In a medium bowl, whisk together the cider, egg, vanilla and melted butter. Make a well in the middle of the dry ingredients and then pour the wet ingredients into the well. Gently fold the ingredients together just until all the streaks of flour disappear.

Spoon the batter into the muffin tin, dividing evenly between the cups. Each cup will be about 2/3 full. Bake the muffins for 15 to 20 minutes, until a toothpick inserted into the middle of a muffin comes out clean.

Prepare the topping while the muffins are baking: In a small bowl, whisk together the cinnamon and sugar. (Or mix the cinnamon and sugar together in a paper or plastic bag.) Put the melted butter into another small bowl. When the muffins are done, remove them immediately from the muffin tin. While still warm, roll the muffins in the melted butter and then toss them in the cinnamon/sugar mixture. Place them on a rack to cool completely. Store in an air-tight container. 

Monday, November 4, 2013

Nutty Shortbread

November has arrived, which means the approach of autumn's end. Here in Kansas the leaves have just reached their peak and are now beginning to fall until the trees are bare and dormant for winter. The last farmer’s market of the season was this past Saturday, on a chilly, windy, sunny morning. Now thoughts turn from tricks and treats to the ultimate celebration of the season in Thanksgiving.

However, before I start to post about America’s day of thankfulness and feasting, I wanted to share a wonderful book that honors all that autumn offers. I discovered Country Harvest: A Celebration of Autumn by Linda Burgess and Rosamond Richardson on the wonderful blog, Months of Edible Celebrations. When I saw the post last month, I knew I had to find the book.

Country Harvest was published by Prentice Hall Press in 1990 and has a distinct British feel. It is full of beautiful seasonal images and a unique collection of recipes and tips for preserving the late summer/early autumn harvest. There are recipes for jams, jellies, chutneys, conserves, vinegars, and sauces for the pantry, plus breads, pies, cookies and cakes to enjoy now, with cordials, country wines, and teas to go with them. Readers can also learn how to preserve late-summer flowers, ornamental gourds, leaves, seedheads, and herbs. If autumn is your favorite season, this book belongs on your shelf.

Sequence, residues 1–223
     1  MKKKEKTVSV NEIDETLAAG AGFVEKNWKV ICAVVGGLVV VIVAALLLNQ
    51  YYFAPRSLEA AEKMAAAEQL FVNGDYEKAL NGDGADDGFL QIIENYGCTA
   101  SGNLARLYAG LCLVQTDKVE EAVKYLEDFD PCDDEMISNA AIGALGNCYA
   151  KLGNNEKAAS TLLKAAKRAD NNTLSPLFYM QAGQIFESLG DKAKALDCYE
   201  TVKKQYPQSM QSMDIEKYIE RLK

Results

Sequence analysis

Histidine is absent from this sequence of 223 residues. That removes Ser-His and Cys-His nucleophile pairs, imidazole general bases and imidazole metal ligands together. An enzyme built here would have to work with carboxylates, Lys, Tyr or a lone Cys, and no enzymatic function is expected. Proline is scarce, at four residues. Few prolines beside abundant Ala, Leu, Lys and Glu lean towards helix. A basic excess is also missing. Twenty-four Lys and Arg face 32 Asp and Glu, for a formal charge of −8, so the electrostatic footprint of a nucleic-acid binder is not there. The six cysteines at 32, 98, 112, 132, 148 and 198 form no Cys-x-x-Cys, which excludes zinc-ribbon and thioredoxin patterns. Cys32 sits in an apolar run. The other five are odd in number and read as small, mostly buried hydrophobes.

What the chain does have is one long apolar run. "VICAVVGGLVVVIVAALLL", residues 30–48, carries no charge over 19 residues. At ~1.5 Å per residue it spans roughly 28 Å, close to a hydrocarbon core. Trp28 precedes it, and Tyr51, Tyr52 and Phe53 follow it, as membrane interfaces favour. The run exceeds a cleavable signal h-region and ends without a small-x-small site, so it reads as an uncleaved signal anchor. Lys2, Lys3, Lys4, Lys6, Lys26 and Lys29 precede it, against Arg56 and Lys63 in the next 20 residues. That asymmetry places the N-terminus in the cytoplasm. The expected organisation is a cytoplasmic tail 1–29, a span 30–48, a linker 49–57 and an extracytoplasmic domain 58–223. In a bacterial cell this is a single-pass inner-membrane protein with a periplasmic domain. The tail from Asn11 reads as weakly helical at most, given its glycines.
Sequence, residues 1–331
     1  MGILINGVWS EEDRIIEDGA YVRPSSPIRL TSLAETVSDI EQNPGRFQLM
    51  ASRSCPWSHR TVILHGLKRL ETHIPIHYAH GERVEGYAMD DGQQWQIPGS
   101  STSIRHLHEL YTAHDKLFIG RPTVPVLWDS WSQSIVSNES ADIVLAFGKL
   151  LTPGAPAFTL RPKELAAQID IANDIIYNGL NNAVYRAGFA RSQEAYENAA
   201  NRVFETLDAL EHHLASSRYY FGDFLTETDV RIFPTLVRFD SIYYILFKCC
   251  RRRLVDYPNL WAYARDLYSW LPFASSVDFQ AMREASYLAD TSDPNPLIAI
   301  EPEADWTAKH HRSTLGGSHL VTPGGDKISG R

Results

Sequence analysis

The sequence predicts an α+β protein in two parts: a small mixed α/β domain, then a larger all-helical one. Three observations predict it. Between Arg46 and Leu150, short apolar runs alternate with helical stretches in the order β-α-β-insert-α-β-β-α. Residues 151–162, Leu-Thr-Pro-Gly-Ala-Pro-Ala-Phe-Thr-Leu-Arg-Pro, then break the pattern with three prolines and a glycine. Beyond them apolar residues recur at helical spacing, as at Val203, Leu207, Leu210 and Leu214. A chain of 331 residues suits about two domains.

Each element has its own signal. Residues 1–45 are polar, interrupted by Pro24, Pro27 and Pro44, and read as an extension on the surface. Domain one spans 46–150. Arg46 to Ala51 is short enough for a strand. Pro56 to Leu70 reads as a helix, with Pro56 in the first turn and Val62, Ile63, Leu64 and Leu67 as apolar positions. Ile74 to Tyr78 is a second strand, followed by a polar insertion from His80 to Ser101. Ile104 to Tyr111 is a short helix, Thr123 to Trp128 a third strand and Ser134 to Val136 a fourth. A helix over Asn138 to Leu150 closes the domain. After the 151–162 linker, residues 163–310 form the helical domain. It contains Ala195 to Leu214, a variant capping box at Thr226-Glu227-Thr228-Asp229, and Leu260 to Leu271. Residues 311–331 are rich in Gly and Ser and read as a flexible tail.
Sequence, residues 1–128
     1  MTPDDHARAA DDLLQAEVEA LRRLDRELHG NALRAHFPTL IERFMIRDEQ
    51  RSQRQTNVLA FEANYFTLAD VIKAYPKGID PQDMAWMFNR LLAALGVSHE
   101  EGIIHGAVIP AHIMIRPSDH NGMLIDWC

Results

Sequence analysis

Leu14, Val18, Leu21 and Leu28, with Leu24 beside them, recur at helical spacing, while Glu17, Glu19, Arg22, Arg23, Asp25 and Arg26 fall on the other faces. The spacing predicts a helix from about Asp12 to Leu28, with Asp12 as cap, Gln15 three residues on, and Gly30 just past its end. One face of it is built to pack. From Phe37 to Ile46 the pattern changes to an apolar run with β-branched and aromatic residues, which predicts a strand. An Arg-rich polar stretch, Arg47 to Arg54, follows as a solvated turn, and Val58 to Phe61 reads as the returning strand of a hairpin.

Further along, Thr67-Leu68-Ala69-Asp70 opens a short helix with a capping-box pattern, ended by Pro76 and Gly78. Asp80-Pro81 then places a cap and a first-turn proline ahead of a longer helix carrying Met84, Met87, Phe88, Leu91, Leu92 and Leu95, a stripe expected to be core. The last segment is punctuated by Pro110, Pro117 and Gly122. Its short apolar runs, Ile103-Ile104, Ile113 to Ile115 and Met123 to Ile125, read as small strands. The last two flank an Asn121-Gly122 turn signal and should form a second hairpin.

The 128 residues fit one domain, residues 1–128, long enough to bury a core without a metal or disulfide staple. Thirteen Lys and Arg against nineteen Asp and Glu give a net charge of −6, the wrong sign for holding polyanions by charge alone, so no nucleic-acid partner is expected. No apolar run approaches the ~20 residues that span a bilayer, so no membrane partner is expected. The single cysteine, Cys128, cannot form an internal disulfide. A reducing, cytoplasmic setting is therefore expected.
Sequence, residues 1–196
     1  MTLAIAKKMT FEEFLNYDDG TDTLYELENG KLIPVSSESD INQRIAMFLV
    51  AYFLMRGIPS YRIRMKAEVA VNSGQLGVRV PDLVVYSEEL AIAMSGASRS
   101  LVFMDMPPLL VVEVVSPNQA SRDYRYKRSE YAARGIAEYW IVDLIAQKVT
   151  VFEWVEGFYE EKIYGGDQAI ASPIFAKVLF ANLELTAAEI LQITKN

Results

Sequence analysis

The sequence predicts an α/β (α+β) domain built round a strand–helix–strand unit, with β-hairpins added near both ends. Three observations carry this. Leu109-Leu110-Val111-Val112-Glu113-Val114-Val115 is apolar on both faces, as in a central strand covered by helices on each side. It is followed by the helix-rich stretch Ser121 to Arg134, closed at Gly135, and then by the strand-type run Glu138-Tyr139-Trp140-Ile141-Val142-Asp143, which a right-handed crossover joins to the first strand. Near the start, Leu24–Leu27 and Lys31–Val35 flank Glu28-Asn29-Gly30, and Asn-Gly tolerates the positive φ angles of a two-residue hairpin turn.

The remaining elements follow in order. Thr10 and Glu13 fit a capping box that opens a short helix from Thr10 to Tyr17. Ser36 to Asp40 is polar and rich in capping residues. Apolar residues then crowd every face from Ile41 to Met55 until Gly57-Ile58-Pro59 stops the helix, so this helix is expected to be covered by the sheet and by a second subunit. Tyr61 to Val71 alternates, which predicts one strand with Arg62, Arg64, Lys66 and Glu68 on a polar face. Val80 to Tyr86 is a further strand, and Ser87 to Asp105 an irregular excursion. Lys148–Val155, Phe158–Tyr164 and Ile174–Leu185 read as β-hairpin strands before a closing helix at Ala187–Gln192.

I chose to make the Nutty Shortbread recipe because it sounded perfect served with a cup of tea on a chilly autumn afternoon. They were perfect—slightly sweet and full of nutty goodness.

The recipe called for walnuts or hazelnuts. I though pecans would work well, too. As luck would have it, I didn't have enough pecans or walnuts for the recipe, so I combined the two and it worked very well. Also, instead of baking the shortbread in a one-pound loaf pan as the recipe recommended, I used my smallest (9-inch) springform pan. The result was wedges of shortbread instead of strips.

I’m looking forward to tea with nutty shortbread cookies to bring autumn's afternoons to a relaxing and delicious end.

Nutty Shortbread

Adapted from Country Harvest: A Celebration of Autumn by Linda Burgess and Rosamond Richardson

1 1/2 cups unbleached all-purpose flour
1/2 teaspoon baking powder
1/2 cup (1 stick) unsalted butter, softened
6 tablespoons packed light brown sugar
1 cup pecans, walnuts, or hazelnuts (or a mixture), finely chopped

Preheat oven to 325 degrees F and grease a 1-pound (8.5” x 4.5”) loaf pan or a 9-inch springform pan. (I used cooking spray.) Set aside.

In a medium bowl, whisk together the flour and baking powder. Set aside.

In the bowl of a mixer with a paddle attachment, beat together the butter and sugar until combined and fluffy. Add in the flour mixture and chopped nuts, mixing until combined. The mixture will look crumbly, like sand, but when you squeeze a handful, it will hold together.

Press the mixture into the bottom of the prepared pan. Bake until golden brown, 30 to 40 minutes depending on your pan size. Remove from the oven and sit on a cooling rack for 5 minutes. Using a sharp knife (I used the sharp edge of a bench scraper), mark the baked shortbread into strips or wedges. Leave the shortbread in the pan until completely cooled, then remove and finish cutting the shortbread into individual cookies.